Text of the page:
Characteristics of Mental Health
Understanding the characteristics that make up good mental health will help you determine how mentally fit you are. Here are some real-life examples:
Ability to enjoy life You’ve just become engaged. You join your friends and family in celebrating the future you are planning with your partner. You realize that life before and after your marriage will bring challenges, but worries about problems that may crop up do not dim the joy you feel.
Resilience Due to changes in the marketplace, you are suddenly laid off from a job you love. You are shocked and angry, but those emotions fade quickly as you put the event in perspective. You gather solid references, revamp your resume and begin your job search. Balance An old friend confronts you, saying you never have time for him. You are taken aback and give excuses of overwork. Then you look at it from their point of view, and realize you have been letting that relationship and other personal interests slide. You make a commitment to restore the balance.
Self-actualization While working full-time at an undemanding job, you take a night course in a field that has always intrigued you. You realize your talents and interests lie with this other area. You consult your teacher for advice and begin pursuing a new career path.
Flexibility The love of your life has walked out. You are devastated and feel like all your plans for the future have been ruined. After grieving for a time, you begin to see that your expectations of the relationship and of your partner were unrealistic. Gradually, you reconsider what you want and expect from a partner.
Take the Mental Health Meter
Now you’re ready to take our Mental Health Meter. Please answer every question below as honestly as you can. Read each statement, indicating whether you “Agree” or “Disagree” with it. Then, click on the “Submit“ button at the end to get your score and your results.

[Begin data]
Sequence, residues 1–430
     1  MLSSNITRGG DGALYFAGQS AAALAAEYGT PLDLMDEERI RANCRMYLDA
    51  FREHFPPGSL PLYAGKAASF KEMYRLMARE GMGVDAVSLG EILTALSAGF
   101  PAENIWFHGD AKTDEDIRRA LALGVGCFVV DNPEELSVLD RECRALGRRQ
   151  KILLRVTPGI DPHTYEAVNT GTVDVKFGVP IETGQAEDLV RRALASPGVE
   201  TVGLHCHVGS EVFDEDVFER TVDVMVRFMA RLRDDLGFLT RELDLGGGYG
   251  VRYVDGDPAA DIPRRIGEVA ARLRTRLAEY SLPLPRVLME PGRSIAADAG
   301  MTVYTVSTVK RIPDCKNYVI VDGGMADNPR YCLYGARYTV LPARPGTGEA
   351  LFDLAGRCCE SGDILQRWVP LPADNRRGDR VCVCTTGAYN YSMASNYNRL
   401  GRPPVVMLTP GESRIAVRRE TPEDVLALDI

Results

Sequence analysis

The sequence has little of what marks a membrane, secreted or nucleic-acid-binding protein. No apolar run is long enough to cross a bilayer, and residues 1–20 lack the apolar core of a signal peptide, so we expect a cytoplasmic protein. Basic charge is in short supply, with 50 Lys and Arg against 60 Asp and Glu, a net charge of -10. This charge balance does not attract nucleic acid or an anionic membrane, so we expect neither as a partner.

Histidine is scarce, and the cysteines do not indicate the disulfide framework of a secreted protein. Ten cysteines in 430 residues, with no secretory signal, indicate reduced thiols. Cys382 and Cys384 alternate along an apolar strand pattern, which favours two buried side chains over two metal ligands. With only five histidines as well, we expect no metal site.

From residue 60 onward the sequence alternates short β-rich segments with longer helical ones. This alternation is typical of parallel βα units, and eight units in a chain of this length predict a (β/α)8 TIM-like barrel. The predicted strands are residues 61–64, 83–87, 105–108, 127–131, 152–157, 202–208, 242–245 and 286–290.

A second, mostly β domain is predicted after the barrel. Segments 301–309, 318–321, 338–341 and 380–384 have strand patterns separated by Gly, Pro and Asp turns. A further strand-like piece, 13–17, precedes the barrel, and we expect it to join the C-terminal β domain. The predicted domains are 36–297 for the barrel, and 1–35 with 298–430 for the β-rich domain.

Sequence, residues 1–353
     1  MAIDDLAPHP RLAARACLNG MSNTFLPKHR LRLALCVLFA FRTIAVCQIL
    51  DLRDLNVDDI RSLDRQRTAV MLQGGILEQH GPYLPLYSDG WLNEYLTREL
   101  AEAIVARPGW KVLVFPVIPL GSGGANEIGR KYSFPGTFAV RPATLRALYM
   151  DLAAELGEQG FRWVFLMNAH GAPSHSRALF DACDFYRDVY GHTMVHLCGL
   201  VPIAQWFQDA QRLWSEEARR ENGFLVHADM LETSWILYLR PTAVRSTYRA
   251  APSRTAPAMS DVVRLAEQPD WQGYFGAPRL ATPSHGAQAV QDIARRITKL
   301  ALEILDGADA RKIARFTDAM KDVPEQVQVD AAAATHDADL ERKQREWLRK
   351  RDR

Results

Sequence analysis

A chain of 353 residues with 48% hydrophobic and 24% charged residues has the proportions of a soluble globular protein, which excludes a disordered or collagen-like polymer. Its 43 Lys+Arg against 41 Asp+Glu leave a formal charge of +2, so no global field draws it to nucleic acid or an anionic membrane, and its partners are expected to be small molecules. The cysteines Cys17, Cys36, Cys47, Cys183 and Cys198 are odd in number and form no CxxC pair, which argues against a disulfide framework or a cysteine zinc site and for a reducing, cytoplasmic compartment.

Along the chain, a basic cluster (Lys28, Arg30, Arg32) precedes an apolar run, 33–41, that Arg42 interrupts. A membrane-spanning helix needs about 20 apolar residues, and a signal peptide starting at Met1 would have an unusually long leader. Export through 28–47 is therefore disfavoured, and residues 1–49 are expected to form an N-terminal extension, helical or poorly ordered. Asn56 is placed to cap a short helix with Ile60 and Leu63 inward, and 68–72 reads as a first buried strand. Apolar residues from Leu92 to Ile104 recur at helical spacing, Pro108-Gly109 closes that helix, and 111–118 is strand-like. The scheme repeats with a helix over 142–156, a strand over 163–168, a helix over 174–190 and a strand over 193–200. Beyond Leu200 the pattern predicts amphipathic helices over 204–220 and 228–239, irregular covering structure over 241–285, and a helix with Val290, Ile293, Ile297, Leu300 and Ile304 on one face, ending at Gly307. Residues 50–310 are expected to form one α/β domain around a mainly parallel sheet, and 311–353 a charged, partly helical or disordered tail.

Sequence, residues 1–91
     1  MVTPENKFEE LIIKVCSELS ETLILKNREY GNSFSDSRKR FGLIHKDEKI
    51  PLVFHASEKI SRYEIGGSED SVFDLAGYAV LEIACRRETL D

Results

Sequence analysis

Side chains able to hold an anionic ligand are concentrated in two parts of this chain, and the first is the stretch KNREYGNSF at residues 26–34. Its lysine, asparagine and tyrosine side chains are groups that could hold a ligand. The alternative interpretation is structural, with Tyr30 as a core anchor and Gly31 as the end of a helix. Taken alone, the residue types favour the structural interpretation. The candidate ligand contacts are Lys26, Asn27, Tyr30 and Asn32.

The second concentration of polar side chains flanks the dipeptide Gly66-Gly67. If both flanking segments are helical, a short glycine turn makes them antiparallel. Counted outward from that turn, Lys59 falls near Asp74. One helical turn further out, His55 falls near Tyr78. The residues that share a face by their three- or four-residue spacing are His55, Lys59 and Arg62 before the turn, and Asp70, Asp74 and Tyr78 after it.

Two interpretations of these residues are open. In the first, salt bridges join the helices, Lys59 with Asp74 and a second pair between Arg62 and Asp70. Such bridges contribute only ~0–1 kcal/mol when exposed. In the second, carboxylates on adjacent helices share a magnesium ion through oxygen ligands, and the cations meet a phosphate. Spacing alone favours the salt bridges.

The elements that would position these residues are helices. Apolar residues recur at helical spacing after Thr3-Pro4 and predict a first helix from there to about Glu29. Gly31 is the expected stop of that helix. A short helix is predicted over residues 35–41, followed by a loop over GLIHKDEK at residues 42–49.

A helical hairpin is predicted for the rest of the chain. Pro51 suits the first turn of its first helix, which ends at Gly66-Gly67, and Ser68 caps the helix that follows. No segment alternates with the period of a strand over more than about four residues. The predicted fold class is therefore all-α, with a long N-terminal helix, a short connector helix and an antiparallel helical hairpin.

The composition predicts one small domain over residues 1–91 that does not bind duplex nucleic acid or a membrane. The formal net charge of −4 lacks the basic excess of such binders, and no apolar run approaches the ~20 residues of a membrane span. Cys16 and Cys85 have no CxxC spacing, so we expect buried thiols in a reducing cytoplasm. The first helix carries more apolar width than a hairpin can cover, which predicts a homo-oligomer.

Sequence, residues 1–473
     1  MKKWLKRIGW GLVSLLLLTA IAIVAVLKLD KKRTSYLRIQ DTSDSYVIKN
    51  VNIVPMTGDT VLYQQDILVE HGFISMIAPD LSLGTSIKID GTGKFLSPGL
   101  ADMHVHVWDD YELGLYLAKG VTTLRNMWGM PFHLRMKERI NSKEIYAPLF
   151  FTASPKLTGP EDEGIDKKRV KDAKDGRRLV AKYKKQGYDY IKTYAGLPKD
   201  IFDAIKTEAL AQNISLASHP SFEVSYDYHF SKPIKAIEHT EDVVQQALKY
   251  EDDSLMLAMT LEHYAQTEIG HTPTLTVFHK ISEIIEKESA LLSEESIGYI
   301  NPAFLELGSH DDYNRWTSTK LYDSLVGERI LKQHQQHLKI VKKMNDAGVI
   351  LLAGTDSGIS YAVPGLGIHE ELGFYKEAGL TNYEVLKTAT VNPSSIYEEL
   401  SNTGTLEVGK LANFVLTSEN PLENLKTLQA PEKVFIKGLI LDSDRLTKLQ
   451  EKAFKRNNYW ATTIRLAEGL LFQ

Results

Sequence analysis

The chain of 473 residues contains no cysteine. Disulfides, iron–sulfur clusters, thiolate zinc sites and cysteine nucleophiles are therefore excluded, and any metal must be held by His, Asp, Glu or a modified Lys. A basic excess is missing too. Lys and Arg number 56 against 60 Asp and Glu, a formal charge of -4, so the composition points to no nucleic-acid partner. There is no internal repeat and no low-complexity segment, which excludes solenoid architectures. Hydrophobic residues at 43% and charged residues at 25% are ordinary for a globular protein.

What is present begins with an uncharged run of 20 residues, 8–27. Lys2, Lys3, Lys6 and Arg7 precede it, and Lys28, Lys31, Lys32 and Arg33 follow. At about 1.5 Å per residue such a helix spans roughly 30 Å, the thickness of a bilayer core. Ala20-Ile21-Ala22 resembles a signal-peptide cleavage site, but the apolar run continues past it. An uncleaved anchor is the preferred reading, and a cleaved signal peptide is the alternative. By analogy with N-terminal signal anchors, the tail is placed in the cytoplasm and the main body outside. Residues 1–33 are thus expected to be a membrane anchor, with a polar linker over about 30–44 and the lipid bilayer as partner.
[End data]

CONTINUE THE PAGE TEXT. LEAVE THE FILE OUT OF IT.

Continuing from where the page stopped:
This is not a scientific test. Information provided is not a substitute for professional advice. If you feel that you may need advice, please consult a qualified health care professional or reach out to
Kindness is the glue that holds people and society together.
Kindness in its power has the ability to improve mental health and well-being.
“Kindness is the ability to know what the right thing to do is, and having the courage to do it!” Raktruist
Cultivating kindness starts with self-kindness - using your own words and actions to soothe and shift ourselves.
Kindness can take a variety of forms:
☀️The Sunshine - showing kindness is positive for us and it activates hormones that neutralize negative emotions and physical responses.
⛈The Rainstorm - when life is tough… kindness can be harder to give and receive.
��The Rainbows - being kind and having self-compassion can help us manage stress, sadness, and negativity.
In the midst of a storm, we can create more rainbows by using Mindful Self-Compassion through:
��Mindfulness - this creates presence. Connect to your body and notice how you feel in the present moment.
��Common humanity - this shows you are connected. Any emotions you are feeling, including suffering is part of our humanness.
��Self-kindness - described above.
“Compassion is the rainbow that you get when you bring the warmth of kindness to a stormy situation. No act of kindness is too small. The gift of kindness may start as a small ripple that over time can turn into a tidal wave affecting the lives of many.” Keith Heath
What self-kindness do you need now? How will you bring more sunshine, rainstorms and rainbows to your current work context?
People are talking more openly about mental health these days—attitudes are shifting, awareness is growing—but the work we need to do to foster safe, supportive, and mentally healthy spaces is an ongoing effort. We all have mental health, and we don’t leave it at the door when we come to work. Like our physical health, our mental health needs to be taken care of, and since we are spending most of our waking hours at work, we must commit to making workplace mental health matter.
To support our UFV community Human Resources is bringing Not Myself Today®, an initiative of the Canadian Mental Health Association, to all employees. We encourage you to explore the resources, tools and activities that are available to each of you online 24/7.
The Not Myself Today program focuses on three main objectives:
To create an account, simply visit www.notmyselftoday.ca/create-account using the login code ALXJEM and create your own username and password.
At University of the Fraser Valley, we are excited to be at the forefront of organizations that are stepping up to make mental health our priority.
Zoe Strazza, SR HR Advisor